Saturday, March 30, 2013

Charles C. Haynes: Why fifth graders have rights too

  When people ask if kids in public schools have First Amendment rights, I’m tempted to answer “only if you think they’re human.”

  After all, the U.S. Constitution recognizes that every person is born with certain inalienable rights not granted by the government, including freedom of expression guaranteed by the First Amendment.

  But to be polite, I answer by re-framing the question to ask “to what extent are students free to exercise their inherent rights in public schools.”

Friday, March 29, 2013

Sam Fulwood III: What does the Facebook generation think about racism?

  Excited and agitated, my friend and colleague Liz Chen popped into my office yesterday to ask my opinion of the news that had her Facebook friends buzzing.

  Last month noted actor Forest Whitaker was falsely accused of stealing from a popular New York City deli when he stopped in to buy a cup of yogurt. A Milano Market employee frisked the famous black actor, believing him to be one of the shoplifters who pocket items from the store without paying for them. As it turns out, however, Whitaker didn’t steal anything—and when the story hit the celebrity websites, the employee quit his job amid apologies from the storeowner.

Thursday, March 28, 2013

Cameron Smith: Bingo, gambling and the rule of law

  For years, Alabamians have read news articles, listened to radio talk shows, or spoken to politicians about gambling in the state. Even so, the issue seems to be a significant source of confusion about policy, politics, and the rule of law.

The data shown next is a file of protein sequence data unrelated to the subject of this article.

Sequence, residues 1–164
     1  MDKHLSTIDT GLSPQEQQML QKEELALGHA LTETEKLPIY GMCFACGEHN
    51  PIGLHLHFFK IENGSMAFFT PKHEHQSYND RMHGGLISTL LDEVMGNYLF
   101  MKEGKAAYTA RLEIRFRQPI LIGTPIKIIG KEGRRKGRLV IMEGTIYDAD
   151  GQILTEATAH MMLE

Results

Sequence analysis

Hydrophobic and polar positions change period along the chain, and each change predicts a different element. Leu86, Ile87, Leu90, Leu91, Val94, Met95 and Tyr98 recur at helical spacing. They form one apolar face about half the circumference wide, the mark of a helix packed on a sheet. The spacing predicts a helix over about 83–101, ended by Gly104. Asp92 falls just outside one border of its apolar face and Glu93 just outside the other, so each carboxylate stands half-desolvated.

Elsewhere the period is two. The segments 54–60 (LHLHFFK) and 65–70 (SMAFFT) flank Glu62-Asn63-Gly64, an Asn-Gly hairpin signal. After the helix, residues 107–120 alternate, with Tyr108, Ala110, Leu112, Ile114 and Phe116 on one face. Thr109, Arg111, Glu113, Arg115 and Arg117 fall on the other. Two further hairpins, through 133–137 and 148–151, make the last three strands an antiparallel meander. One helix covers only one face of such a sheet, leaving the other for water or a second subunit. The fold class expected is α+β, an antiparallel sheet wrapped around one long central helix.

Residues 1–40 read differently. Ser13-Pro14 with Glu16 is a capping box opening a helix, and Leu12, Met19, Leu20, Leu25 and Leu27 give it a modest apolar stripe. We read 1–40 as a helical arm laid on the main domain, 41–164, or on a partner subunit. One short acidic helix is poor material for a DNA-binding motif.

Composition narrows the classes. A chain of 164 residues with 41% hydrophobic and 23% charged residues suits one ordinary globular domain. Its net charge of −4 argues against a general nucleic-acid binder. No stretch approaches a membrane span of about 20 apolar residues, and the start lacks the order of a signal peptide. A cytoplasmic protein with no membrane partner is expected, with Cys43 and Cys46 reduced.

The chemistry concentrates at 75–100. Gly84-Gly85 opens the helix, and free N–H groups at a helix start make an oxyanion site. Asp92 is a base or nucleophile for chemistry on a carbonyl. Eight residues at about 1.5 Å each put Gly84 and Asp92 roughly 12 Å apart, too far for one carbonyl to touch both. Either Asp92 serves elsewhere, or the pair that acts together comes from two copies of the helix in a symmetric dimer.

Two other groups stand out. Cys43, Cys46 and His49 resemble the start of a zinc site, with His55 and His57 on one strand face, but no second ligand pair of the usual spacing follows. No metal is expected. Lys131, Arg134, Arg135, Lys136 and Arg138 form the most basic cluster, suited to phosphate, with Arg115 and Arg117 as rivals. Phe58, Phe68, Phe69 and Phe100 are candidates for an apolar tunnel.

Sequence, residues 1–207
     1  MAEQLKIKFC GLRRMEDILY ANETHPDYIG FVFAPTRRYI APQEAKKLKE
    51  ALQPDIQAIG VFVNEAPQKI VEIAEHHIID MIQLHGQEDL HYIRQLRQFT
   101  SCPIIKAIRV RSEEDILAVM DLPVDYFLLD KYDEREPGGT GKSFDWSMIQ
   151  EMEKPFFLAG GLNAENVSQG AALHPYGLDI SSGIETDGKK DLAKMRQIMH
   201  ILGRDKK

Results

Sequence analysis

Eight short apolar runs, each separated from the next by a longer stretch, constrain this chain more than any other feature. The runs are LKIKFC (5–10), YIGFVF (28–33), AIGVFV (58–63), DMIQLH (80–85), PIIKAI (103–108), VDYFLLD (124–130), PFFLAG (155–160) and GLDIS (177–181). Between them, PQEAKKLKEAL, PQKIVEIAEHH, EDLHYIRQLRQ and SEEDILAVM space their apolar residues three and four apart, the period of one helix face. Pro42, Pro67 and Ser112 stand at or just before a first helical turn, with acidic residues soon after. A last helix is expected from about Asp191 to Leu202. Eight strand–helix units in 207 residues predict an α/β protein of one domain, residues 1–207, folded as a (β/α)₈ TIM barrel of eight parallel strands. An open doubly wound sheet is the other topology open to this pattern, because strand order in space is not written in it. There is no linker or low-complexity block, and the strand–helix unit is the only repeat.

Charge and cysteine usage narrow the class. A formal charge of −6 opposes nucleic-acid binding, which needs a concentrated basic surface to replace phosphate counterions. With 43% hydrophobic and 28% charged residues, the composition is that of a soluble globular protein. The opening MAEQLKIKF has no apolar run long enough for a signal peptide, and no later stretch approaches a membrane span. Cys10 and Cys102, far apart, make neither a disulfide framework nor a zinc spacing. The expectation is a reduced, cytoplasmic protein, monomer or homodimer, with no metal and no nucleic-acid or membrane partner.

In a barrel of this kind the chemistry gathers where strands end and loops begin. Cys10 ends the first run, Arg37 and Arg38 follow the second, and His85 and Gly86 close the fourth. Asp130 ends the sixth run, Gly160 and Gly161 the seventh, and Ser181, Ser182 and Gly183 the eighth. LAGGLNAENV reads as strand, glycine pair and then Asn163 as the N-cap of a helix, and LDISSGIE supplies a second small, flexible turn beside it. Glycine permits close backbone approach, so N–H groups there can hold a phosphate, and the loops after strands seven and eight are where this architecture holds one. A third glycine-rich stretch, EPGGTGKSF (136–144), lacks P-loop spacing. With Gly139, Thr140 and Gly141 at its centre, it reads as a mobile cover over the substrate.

The gambling conversation has percolated again after Alabama Attorney General Luther Strange raided the VictoryLand casino and filed suit against the gambling operations of the Poarch Creek Indians earlier this year.

Wednesday, March 27, 2013

Sally Steenland: The Religious Right wasn’t created to battle abortion

  The Supreme Court is hearing two cases on marriage equality this week, 40 years after it granted women access to legal and safe abortions in the landmark case Roe v. Wade. The timing of these cases—and the fact that both issues have spurred fierce and decisive culture wars—has prompted some legal experts and pundits to worry that a Court decision to legalize marriage for same-sex couples will trigger a public backlash for decades to come.

  This is supposedly what happened with abortion following Roe. According to the pundits and experts, the 1973 decision to legalize abortion outraged millions of Americans and mobilized them into a powerful movement to defend the rights of the unborn. They created the Moral Majority, the Christian Coalition, Focus on the Family, and Concerned Women for America. The Court’s decision in Roe triggered the birth of the religious right—or so the argument goes.

Tuesday, March 26, 2013

Steve Flowers: Inside the Statehouse: Halfway there

  The Alabama Legislature is approaching the midway point of their 2013 Regular Session. They are grappling with the woes that beset the General Fund Budget. The ongoing struggles with the General Fund are a priority. Despite the lean times, most state agencies will receive level funding. Even though there are increased insurance costs for state employees, the administration will not be forced to lay off or furlough any state workers. However, a pay increase is out of the question.

  Gov. Bentley’s proposed $5.8 billion Education Budget does allow for a 2.5% raise for education employees as well as $12.5 million in additional funding for voluntary pre-kindergarten programs.

Monday, March 25, 2013

James Glaser: I am sick of veterans who wave the flag and send others off to die

  A World War II vet told me something once that I have found to be true:

  “If you walk into a VFW or American Legion Post bar and hear some guy telling everyone what a hero he was and how he fought the enemy so well, but at the end of the bar there sits a man alone not talking to anyone, chances are great that the silent man was the one who really saw the thick of combat, while the braggart never even saw action.”

Saturday, March 23, 2013

Eric Alterman: Are journalists any less gullible today than they were 10 years ago?